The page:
Just get out! When you leave, close the door behind you to help contain the fire.
Call 9-1-1 or the local emergency number from outside the home.
Keep in mind the potential dangers of deep-frying a Turkey:
Turkey fryers can easily tip over spilling hot oil across a large area. Use your turkey fryer only outdoors on a sturdy, level surface well away from things that can burn. Make sure to have a “3-foot kid- and pet-free zone” around your turkey fryer to protect against burn injuries.
An overfilled cooking pot will cause oil to spill over when the turkey is placed inside. Determine the correct amount of oil needed by first placing the turkey in the pot with water.
A partially frozen turkey will cause hot oil to splatter. Make sure your turkey is completely thawed before you fry it.
Turkey fryers can easily overheat and start a fire. Check the temperature often with a cooking thermometer so the oil won’t overheat.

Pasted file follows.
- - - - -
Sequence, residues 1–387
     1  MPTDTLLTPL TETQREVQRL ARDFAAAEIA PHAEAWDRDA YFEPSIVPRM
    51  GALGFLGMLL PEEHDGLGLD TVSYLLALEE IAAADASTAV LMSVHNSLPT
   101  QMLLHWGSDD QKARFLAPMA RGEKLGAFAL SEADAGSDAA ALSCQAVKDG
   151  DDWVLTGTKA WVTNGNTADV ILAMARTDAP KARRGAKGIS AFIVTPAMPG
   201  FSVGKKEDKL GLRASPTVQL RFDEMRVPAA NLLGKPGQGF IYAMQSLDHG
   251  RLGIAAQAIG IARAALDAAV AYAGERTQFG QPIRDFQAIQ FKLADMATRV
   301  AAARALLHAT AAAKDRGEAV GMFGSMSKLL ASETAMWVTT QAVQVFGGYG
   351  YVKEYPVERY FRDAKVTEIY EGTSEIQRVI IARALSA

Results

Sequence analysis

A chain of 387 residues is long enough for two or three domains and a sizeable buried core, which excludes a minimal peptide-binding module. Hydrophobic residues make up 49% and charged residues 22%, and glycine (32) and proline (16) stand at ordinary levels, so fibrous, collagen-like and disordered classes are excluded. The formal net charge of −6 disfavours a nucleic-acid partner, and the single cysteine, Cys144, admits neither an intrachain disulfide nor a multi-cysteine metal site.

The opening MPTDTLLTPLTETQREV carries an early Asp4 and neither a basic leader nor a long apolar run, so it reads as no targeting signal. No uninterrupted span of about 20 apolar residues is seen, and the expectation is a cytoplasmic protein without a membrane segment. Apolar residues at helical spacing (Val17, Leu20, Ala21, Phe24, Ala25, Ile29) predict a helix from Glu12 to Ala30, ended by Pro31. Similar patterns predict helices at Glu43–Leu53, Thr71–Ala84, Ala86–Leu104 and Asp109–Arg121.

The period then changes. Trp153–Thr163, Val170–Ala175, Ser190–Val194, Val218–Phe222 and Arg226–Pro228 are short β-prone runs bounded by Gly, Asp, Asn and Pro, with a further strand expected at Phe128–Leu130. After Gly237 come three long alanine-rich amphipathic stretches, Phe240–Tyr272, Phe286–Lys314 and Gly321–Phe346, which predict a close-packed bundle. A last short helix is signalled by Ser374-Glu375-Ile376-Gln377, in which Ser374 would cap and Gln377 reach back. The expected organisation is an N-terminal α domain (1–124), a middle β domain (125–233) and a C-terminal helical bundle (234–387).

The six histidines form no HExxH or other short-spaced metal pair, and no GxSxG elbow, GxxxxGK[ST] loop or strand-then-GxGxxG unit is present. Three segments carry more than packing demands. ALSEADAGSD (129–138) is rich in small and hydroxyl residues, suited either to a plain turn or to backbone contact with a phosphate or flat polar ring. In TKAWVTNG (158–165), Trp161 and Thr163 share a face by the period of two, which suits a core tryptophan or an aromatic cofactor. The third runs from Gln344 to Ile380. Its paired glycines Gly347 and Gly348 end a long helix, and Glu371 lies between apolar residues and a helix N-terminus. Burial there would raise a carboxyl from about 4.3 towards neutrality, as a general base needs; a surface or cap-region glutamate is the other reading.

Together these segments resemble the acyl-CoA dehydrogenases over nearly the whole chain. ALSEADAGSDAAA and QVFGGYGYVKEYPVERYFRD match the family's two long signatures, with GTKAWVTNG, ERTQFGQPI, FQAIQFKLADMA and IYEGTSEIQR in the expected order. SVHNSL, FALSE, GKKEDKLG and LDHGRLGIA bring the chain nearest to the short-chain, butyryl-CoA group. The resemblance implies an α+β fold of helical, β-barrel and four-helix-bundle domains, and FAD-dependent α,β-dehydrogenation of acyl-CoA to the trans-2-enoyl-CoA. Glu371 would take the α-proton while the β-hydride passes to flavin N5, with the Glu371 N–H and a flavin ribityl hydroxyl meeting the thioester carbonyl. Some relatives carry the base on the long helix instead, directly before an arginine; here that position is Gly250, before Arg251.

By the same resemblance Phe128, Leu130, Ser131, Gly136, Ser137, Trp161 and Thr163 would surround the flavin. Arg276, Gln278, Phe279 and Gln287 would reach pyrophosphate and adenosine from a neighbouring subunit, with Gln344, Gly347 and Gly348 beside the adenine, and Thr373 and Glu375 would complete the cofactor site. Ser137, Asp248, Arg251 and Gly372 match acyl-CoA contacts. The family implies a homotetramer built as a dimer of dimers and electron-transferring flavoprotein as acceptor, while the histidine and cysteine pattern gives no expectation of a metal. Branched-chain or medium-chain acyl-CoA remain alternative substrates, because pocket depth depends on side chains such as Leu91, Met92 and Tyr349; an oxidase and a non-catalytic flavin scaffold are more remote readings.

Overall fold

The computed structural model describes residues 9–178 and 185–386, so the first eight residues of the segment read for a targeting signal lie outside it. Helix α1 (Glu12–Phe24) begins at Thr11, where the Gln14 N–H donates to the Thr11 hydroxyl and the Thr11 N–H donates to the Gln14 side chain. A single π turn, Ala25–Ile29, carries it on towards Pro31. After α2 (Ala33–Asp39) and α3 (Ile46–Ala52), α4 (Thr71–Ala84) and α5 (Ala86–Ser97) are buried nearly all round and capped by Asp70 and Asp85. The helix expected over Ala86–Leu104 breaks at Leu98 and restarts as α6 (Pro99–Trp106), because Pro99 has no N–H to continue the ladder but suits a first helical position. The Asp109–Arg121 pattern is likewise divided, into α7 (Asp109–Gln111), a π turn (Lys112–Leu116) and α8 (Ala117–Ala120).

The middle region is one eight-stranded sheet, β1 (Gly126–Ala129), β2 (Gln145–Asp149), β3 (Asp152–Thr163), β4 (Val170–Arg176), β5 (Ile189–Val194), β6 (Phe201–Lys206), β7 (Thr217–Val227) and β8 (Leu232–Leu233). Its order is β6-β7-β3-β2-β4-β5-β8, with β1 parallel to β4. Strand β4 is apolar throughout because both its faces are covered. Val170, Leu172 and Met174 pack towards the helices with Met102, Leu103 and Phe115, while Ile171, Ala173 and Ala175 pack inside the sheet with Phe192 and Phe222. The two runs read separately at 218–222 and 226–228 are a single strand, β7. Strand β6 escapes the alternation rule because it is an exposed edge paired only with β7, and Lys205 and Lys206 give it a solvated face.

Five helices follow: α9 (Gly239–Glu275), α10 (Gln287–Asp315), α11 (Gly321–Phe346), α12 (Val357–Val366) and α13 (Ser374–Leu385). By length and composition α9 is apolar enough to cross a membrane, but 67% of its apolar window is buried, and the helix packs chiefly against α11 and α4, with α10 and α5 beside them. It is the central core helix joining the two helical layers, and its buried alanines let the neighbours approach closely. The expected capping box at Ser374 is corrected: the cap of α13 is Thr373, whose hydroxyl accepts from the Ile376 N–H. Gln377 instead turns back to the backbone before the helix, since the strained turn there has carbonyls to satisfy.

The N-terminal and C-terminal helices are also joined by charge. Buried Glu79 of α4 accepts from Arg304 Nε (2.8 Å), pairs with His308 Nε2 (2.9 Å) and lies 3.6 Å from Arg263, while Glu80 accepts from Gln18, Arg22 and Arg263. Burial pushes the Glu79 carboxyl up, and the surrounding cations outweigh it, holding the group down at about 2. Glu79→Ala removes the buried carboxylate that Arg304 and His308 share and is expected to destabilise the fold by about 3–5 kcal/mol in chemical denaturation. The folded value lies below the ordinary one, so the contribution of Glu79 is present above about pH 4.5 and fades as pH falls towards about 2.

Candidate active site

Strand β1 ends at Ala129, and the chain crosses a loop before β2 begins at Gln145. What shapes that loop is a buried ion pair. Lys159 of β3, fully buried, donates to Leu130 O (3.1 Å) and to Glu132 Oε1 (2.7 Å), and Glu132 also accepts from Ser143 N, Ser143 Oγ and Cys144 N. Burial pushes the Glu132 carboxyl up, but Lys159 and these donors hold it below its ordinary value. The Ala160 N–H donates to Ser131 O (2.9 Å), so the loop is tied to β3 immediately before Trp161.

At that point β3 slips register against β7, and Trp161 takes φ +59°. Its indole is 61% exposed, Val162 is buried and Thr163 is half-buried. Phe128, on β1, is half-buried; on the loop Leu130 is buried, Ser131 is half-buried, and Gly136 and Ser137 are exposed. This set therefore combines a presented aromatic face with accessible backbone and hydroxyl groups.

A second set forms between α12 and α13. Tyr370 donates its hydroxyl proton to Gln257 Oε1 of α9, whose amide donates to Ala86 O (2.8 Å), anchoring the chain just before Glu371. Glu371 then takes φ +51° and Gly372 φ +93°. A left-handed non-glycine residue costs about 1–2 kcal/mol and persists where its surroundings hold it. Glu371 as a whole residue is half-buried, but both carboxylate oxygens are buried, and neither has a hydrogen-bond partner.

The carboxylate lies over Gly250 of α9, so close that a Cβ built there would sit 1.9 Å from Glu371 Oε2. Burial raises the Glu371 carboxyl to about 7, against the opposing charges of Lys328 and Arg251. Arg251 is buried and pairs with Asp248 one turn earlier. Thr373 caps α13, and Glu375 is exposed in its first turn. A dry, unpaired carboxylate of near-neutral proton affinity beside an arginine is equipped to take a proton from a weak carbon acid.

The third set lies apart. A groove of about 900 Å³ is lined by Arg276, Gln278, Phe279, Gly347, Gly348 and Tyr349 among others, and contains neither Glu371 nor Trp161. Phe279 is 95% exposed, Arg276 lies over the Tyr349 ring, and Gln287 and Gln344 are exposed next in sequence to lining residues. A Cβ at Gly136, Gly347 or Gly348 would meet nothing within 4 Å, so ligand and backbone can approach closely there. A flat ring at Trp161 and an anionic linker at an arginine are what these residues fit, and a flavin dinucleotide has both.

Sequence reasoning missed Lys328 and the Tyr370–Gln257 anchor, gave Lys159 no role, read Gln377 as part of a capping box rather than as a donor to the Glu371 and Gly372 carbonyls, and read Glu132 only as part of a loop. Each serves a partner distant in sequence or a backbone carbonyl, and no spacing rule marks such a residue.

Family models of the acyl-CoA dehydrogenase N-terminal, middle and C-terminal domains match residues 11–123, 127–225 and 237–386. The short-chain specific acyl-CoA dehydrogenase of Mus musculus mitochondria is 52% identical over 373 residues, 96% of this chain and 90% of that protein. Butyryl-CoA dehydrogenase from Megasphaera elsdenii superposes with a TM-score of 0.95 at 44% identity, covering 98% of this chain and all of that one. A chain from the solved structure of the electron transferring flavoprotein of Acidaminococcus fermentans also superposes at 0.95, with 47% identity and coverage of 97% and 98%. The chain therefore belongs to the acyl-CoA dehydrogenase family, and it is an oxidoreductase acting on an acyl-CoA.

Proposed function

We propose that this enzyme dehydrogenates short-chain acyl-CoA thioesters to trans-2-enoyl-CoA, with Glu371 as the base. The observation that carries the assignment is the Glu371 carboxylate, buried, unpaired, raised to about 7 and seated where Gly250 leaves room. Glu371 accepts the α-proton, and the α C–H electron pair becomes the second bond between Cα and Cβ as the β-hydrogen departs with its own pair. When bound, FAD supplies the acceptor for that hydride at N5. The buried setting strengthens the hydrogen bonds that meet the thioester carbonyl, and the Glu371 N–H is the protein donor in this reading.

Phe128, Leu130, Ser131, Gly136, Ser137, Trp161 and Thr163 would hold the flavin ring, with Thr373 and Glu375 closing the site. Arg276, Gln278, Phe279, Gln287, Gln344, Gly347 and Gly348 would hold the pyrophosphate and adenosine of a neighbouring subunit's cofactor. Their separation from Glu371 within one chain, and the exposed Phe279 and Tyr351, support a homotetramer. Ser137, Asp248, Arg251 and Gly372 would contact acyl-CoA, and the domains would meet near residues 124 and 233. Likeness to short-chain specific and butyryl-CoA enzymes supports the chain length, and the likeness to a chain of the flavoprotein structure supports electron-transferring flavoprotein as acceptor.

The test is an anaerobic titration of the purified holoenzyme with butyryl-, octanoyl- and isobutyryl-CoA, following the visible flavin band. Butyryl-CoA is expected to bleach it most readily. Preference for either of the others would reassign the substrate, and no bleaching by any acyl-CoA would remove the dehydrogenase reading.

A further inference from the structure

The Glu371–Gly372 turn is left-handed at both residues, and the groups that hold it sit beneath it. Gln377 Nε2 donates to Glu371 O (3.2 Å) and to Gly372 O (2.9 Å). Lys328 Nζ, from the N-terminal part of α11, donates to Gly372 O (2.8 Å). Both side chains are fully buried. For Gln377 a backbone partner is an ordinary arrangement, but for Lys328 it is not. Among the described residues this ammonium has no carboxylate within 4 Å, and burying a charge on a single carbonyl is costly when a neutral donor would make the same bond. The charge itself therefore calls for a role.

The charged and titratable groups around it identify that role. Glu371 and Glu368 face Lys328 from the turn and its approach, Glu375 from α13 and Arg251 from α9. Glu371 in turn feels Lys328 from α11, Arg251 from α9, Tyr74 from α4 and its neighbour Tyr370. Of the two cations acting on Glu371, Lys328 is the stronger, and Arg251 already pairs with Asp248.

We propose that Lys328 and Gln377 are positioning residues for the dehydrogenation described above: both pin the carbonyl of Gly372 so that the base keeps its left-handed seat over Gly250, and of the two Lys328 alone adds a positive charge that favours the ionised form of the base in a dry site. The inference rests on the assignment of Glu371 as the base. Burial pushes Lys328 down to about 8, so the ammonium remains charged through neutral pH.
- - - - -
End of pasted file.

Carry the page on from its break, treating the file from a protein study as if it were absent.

- The pot, lid and handles of a turkey fryer can get dangerously hot and cause burn injuries. Use long cooking gloves that protect hands and arms when you handle these items.
Cooking with oil safety tips:
Always stay in the kitchen when frying on the stovetop.
Keep an eye on what you fry. If you see wisps of smoke or the oil smells, immediately turn off the burner and/or carefully remove the pan from the burner. Smoke is a danger sign that the oil is too hot.
Heat the oil slowly to the temperature you need for frying or sautéing.
Add food gently to the pot or pan so the oil does not splatter.
- Always cook with a lid beside your pan. If you have a fire, slide the lid over the pan and turn off the burner. Do not remove the cover because the fire could start again. Let the pan cool for a long time. Never throw water on the fire.
If you have a small (grease or oil) cooking fire and decide to fight the fire:
In an oven: turn off the heat and keep the door closed.
On the stovetop: smother the flames by sliding a lid over the pan and turning off the burner. Leave the pan covered until it is completely cooled.
Always have a fire extinguisher handy. Grease and oil fires call for an extinguisher labeled Class B (residential) or Class K (commercial).